An analogy would be the introduction of the mobile phone into Nigeria. The mobile phone was already predominantly used in developed nations in the late 80s and early 90s. Yet we did not need to use those same devices at the beginning of our journey into wireless communication. Rather the new mobile phones where introduced into the system and we caught up with the trend till date.
Is our education preparing people for this transition?
Presently I would say no, a majority of the African education system is not preparing for the new times, yet there are many positives as private institutions are increasing in pushing STEM education into the system. The current stage of development in STEM adoption is currently steady, yet with more favorable public and government policies, the growth will be significant. Also a much needed acceleration by government in the government schools as well as core research funding in higher institutions will go a long way in fast-tracking current steps.
What can you say about the African Tech Ecosystem and how might it affect the implementation of AI?
AI is more of a research endeavor than just the application. There is presently a huge disconnect between local research in AI and the tech ecosystem. Without local AI research both at tech companies and in academia, we remain tied to application of foreign solutions with foreign bias with are not tailored to the African ecosystem.
The current state of African tech ecosystem is laudable in some regards, but yet in others not so much. There is a good adoption and readiness for adoption of new methods by the new generation based on accessibility to the world wide web. Internet communication has made the world a smaller place enabling youths and this new generation to gain the new knowledge they need to be relevant for the future even with the failings of the local education system.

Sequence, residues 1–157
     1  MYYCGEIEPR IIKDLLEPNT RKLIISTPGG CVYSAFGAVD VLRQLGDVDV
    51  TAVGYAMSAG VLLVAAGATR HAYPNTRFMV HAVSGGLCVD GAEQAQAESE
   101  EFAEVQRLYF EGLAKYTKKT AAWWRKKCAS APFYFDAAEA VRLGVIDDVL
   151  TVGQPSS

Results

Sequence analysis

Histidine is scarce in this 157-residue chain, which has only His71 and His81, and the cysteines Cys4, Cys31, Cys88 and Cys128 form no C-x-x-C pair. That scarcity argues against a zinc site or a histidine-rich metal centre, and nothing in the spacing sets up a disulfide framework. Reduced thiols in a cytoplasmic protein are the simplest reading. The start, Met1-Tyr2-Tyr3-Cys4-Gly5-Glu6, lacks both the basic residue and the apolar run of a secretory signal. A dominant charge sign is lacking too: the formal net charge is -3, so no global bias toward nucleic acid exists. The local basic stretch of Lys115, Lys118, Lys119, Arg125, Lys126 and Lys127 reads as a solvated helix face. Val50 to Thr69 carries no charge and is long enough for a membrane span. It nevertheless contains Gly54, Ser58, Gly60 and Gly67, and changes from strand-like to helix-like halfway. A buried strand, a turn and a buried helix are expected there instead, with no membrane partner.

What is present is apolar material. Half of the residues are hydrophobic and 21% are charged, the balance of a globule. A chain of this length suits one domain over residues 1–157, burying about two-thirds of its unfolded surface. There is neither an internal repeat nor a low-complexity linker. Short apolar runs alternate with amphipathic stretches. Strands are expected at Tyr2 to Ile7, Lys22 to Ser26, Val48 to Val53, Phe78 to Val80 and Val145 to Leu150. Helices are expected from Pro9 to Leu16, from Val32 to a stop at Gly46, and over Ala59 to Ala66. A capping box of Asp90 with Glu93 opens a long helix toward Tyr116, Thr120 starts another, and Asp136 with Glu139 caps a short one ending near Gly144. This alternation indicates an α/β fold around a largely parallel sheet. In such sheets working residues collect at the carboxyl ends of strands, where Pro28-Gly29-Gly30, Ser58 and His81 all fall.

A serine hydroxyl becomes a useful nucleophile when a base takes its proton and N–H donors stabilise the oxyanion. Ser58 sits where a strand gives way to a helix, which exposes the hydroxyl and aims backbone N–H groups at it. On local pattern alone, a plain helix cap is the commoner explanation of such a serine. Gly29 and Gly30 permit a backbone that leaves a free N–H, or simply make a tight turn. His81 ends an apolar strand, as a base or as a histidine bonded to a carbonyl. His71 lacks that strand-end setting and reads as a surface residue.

More Africans are now self aware that they can redefine their future and channel the path for the destiny regardless of the limitations of the environment they find themselves. More systems need to be put in place to ensure that the data that is being used to make decisions have information created and collected locally, as AI decisions will be based on what is fed into it. I will advocate for government to collect its own data locally and fund research programs to this effect to ensure that we are not left out of the AI race altogether.
What should we be doing differently along the AI and robotics line?
One solution is for STEM education across all levels of academia being explored and infused into the curriculum as a minimum requirement. The foundation of both AI and Robotics is heavily tied to STEM education and preparing the new generation for the future workforce.
Where does government come in?
Government is responsible for all the Policies, infrastructure and research funding.
Finally, the "Singularity". How far do you think Africa is from that, and what will it mean when it does finally arrive?
I will not say Africa is afar off individually but collectively, as many individuals and new thinkers are clearly on par and even ahead of some of their peers in developed nations. But collectively African Countries have a lot of ground to cover when it comes to making the right policies and allocating resources that ensure that it can compete with the rest of the world.